Table 5 Multivariable logistic regression analysis in the GC and PC groups
Table 6 Area under the receiver operating characteristic curve outcome

Discussion

Root resorption of deciduous teeth is a clinically important physiological process in the eruption sequence for the acquisition of normal permanent dentition; however, its importance is often overlooked because of the presence of permanent teeth. This is the first cross-sectional study to investigate the factors that contribute to root resorption in retained mandibular second deciduous teeth with congenital absence of subsequent permanent teeth based on the patient's systemic history, craniofacial and intraoral morphology, and possible host factors.

More accurate measurements could have been obtained if standardised radiographs, rather than panoramic radiographs, were taken periodically. However, routine radiographs are not indicated for the examination of orthodontic patients and may not be ethically justified due to radiation exposure. Therefore, following the previous studies that reported less statistical error in certain horizontal measurements [27], we opted to use panoramic radiographs for this study. Additionally, it has been reported that there is minimal change in magnification, especially in the mandibular first molar regions [28, 29].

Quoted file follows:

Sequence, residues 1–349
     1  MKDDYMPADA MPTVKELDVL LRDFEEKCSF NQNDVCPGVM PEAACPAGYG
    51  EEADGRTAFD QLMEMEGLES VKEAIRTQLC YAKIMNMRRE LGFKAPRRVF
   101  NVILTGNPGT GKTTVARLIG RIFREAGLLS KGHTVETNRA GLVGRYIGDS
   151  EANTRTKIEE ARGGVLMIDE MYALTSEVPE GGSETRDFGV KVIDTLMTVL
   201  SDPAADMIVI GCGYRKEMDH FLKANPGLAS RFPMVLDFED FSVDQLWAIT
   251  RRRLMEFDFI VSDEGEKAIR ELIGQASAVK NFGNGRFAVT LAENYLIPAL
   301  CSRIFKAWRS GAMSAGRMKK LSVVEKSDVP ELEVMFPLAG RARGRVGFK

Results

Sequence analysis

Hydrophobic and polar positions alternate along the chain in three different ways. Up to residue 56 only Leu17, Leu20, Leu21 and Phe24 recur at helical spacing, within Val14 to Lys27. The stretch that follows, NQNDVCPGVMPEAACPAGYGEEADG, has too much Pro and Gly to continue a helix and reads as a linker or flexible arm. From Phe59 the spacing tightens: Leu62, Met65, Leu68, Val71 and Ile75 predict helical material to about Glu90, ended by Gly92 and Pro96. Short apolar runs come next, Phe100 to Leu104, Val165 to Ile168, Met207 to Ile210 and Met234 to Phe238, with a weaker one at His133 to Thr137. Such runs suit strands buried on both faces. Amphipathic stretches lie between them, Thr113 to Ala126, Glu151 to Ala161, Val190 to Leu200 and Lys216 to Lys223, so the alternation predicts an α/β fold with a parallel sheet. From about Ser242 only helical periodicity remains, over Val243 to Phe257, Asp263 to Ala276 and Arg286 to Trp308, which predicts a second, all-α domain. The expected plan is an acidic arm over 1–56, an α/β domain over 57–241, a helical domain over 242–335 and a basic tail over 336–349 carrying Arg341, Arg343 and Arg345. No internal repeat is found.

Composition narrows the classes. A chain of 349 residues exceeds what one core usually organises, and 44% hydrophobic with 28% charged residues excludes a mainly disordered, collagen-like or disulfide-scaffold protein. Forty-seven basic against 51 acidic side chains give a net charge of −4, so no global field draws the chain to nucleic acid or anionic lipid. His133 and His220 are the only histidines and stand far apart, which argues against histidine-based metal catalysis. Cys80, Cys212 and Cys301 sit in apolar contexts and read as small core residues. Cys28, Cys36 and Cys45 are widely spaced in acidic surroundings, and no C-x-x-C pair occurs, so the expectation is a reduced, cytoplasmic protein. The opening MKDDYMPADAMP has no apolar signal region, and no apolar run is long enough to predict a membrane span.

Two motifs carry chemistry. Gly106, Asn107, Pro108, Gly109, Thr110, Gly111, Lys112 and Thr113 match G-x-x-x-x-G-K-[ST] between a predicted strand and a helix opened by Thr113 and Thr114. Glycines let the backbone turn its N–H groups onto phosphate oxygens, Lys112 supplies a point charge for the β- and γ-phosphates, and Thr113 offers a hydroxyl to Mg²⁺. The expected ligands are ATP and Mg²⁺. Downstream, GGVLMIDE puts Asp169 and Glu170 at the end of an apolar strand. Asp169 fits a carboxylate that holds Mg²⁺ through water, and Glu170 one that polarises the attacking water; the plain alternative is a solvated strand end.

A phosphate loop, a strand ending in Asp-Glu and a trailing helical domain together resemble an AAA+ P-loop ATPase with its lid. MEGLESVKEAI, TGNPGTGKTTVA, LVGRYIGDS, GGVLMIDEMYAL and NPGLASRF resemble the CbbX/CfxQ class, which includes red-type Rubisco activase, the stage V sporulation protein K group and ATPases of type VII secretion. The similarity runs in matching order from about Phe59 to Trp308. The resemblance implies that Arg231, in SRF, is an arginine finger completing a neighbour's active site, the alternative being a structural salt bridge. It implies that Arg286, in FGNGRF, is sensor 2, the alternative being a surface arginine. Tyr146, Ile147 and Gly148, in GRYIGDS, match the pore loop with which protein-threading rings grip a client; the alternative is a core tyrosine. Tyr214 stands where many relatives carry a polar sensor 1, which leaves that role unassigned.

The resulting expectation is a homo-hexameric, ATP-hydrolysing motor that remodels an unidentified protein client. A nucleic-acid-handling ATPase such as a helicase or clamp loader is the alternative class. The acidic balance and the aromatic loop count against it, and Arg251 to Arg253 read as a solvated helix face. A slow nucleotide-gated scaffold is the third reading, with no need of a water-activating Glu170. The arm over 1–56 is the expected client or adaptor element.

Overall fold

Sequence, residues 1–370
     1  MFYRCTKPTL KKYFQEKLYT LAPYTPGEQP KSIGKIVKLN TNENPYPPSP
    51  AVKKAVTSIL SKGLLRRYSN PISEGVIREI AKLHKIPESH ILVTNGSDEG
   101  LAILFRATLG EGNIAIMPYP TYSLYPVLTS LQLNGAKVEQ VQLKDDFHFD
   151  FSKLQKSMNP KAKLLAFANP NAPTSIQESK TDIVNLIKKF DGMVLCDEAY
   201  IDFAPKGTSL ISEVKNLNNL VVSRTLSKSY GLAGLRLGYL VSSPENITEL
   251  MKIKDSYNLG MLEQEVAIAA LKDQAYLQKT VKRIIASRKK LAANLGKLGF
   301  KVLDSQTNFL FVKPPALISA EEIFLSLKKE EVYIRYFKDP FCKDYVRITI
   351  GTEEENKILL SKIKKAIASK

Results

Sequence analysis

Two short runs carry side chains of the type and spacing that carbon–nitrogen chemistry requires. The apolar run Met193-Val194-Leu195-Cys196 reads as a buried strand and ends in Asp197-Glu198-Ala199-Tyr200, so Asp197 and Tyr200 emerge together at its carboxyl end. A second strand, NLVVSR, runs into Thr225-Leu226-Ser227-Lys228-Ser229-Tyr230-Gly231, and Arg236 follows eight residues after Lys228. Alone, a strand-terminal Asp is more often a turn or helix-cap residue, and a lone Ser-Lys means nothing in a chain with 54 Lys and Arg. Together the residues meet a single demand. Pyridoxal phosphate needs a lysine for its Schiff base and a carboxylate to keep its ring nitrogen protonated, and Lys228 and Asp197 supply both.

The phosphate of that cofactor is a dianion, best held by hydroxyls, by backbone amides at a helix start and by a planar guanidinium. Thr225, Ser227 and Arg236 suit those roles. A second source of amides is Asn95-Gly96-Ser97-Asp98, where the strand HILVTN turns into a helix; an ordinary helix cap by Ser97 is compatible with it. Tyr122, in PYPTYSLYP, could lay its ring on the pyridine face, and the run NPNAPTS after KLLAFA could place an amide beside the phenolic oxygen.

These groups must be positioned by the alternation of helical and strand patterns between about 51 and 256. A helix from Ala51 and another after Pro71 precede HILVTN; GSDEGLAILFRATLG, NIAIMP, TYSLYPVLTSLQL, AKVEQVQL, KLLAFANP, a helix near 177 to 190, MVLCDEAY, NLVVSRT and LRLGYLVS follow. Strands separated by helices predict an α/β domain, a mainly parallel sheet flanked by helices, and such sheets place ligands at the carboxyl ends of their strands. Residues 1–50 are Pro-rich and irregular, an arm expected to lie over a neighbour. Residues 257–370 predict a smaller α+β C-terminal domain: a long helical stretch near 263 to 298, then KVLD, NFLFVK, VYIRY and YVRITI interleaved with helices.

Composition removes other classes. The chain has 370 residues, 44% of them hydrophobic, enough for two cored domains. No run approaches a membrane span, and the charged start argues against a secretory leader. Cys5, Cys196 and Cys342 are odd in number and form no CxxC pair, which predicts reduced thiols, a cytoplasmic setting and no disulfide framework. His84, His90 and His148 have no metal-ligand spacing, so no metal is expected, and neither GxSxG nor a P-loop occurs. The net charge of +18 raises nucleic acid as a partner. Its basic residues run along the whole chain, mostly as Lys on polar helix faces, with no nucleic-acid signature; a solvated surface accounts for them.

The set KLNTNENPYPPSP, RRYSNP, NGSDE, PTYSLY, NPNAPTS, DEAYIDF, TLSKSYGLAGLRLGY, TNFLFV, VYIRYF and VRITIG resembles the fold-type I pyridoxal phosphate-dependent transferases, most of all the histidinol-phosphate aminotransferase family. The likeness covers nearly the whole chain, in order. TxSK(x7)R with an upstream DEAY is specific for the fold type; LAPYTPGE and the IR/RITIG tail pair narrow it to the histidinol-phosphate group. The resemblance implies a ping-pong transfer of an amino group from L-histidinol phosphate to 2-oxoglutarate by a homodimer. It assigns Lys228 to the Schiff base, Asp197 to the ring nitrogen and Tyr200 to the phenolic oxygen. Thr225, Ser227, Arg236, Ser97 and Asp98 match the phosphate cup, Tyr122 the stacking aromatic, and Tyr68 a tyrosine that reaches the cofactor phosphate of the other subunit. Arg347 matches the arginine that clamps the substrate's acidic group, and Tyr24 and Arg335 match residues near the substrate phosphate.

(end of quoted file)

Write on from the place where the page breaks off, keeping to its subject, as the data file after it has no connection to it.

The incidence of the congenital absence of the second premolars was 2.0% in our study, which is consistent with a meta-analysis by Polder et al. [29, 30]. The sex differences were 38.5% for males and 61.5% for females, with approximately 20% more females. This result is consistent with those of the previous studies, although it may be due to the selection criteria used for the orthodontic patient population [11]. The present study suggests that maxillofacial and intraoral morphologies may play a role in the root resorption of retained mandibular second deciduous teeth with the congenital absence of subsequent permanent teeth. Smaller distance from the occlusal plane, smaller FMA, smaller FMIA, larger adjacent interdental space, larger overbite, and a history of caries treatment were associated with an increase in the amount of root resorption. An ROC curve was developed to identify the model’s predictive ability, and the AUC value of this model was 0.84. This curve and the corresponding AUC show that distance from the occlusal plane, FMA, FMIA, adjacent interdental space, overbite, and caries treatment have the predictive ability to discriminate the risk of root resorption in retained mandibular second deciduous teeth with congenital absence of subsequent permanent teeth.